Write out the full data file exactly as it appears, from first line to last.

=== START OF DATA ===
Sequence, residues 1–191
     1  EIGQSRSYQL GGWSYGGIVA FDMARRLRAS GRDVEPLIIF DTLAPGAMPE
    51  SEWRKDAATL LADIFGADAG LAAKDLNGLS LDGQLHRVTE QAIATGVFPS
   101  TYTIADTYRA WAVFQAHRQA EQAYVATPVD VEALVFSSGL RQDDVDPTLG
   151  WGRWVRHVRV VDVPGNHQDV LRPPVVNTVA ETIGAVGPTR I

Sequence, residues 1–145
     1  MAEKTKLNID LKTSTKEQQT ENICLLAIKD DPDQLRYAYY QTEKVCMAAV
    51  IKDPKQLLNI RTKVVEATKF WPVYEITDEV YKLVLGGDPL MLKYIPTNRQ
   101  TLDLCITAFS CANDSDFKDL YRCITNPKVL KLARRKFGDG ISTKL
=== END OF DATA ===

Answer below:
Sequence, residues 1–191
     1  EIGQSRSYQL GGWSYGGIVA FDMARRLRAS GRDVEPLIIF DTLAPGAMPE
    51  SEWRKDAATL LADIFGADAG LAAKDLNGLS LDGQLHRVTE QAIATGVFPS
   101  TYTIADTYRA WAVFQAHRQA EQAYVATPVD VEALVFSSGL RQDDVDPTLG
   151  WGRWVRHVRV VDVPGNHQDV LRPPVVNTVA ETIGAVGPTR I

Sequence, residues 1–145
     1  MAEKTKLNID LKTSTKEQQT ENICLLAIKD DPDQLRYAYY QTEKVCMAAV
    51  IKDPKQLLNI RTKVVEATKF WPVYEITDEV YKLVLGGDPL MLKYIPTNRQ
   101  TLDLCITAFS CANDSDFKDL YRCITNPKVL KLARRKFGDG ISTKL